Note about existing objects: We can't use [pv] directly to replace send/receive because the pv object needs to be banged to output the data. We can't use pattr because it would just be too painful to necessarily specify all the time the precise hierarchy where you want the stuff to be sent. Possible third part objects: No way we're gonna use third part object for so central common objects used everywhere in our patches.
    Cheers, Alexandre

    • Feb 13 2014 | 11:42 pm
      Why don't you use [pvar] (not to mistake for [pv]) instead of send and receive then ? or value ? i agree that for a beginner there will be some headache figuring why what how send receive where ??!! but, i'd say, it's max learning... as a side note, i have also problems with those objects, and nearly never use them for the sole purpose of tidying patchcords. But the "ideal" send/receive pair i'd want is different from yours... i rarely have the problem you speak of, but what i would very appreciate is if your could retrieve last value sent to receive with a bang. pvar is quite good for what you want, though it won't go down patcher hierarchy (neither up obviously)
    • Feb 14 2014 | 12:53 am
      as someone who is verbose myself, i must say, "tl;dr." but i think i got the gist. i always recommend to people only to use send and receive in situations that are comparable to using a global variable. the namespace is global, so i think it's best to save the use of those objects for when you want to share a message globally with all patches (not just as a way of using fewer patch cords).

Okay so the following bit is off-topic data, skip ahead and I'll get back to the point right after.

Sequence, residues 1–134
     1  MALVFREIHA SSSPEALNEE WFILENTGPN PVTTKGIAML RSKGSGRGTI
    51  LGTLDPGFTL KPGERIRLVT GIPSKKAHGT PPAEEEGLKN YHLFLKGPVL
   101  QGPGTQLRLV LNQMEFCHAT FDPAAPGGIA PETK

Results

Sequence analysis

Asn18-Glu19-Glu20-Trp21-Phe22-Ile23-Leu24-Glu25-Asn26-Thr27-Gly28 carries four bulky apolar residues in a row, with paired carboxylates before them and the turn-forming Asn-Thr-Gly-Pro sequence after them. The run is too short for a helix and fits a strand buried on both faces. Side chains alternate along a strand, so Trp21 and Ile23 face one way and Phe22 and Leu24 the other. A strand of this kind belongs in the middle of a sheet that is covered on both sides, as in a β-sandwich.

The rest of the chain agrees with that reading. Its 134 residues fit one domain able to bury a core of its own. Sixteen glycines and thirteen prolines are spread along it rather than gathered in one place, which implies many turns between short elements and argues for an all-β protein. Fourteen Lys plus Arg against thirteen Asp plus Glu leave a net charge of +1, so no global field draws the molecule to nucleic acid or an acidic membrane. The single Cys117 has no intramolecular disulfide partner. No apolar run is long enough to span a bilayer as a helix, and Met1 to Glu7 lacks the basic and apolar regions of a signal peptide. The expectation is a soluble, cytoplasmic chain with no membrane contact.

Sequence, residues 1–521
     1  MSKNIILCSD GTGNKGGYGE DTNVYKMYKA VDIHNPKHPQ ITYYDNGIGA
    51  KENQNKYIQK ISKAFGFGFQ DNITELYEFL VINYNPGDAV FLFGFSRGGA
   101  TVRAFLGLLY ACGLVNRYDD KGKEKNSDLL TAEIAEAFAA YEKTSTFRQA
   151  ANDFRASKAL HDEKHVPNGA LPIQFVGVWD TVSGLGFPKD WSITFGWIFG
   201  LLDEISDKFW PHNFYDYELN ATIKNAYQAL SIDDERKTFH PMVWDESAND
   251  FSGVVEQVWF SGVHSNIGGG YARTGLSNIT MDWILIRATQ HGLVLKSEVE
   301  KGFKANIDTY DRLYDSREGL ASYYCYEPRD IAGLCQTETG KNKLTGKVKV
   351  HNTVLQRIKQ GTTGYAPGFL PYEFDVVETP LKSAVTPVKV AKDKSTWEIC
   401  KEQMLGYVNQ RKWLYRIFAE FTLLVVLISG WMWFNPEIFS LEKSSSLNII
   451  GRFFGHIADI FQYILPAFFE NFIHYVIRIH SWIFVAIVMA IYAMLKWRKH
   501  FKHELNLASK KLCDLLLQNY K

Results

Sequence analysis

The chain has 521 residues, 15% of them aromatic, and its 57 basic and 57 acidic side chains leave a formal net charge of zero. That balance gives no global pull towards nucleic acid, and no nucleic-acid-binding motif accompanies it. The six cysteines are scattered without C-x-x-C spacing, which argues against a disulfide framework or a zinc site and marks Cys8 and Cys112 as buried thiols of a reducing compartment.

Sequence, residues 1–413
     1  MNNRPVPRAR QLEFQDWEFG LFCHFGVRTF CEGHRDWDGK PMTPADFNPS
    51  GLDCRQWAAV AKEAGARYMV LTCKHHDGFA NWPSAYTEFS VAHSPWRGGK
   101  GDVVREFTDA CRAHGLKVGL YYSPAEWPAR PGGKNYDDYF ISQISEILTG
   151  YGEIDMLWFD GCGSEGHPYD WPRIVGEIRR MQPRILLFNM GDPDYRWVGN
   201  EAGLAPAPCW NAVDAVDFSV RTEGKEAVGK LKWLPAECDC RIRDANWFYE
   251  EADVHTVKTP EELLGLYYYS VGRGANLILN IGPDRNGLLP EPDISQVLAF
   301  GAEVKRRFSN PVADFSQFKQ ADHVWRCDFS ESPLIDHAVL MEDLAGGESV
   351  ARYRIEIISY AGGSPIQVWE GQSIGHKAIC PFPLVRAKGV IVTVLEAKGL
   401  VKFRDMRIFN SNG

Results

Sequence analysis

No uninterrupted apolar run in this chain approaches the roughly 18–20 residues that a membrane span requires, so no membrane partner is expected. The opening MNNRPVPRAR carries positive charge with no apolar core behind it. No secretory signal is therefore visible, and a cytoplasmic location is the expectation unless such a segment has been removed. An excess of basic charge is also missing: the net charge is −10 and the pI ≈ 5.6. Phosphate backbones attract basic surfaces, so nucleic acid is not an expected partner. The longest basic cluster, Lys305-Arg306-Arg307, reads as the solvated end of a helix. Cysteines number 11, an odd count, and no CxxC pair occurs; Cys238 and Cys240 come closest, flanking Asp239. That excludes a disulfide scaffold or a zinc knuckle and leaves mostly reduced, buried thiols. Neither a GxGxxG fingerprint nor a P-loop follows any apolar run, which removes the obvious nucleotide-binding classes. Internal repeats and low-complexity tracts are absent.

• Feb 14 2014 | 1:05 am
      pvar: it's patcher specific, while we need patcher hierarchic. (Plus we need to go to the inspector to specify a name each time, sort of painful)
      value: needs to be banged like pv, and global like the actual send.
      retrieve last value sent to receive with a bang: Just use [f ] after [receive] and bang it.
      Precisely because I, like you, refuse myself to use send/receive, I then LOOSE A LOT OF TIME trying to keep my patches clear and tidy, by rearranging objects, segmenting patch cords, multiplicating inlets and outlets everytime a little subpatch need a data, etc. While using a very few send/receive would have clean that the best way in two second! That's the problem.
    • Feb 14 2014 | 3:07 pm
      ye value is irrelevant in that context. Although wha tyou say about use [f] after receive doesn't help a lot, because * i'm not always sending floats... sure i could use like a [zl reg] but then anyway,... * there is another object needed. Sure i could have an abstraction, but then it's a dependency for a rather basic function, and i'd like to avoid that.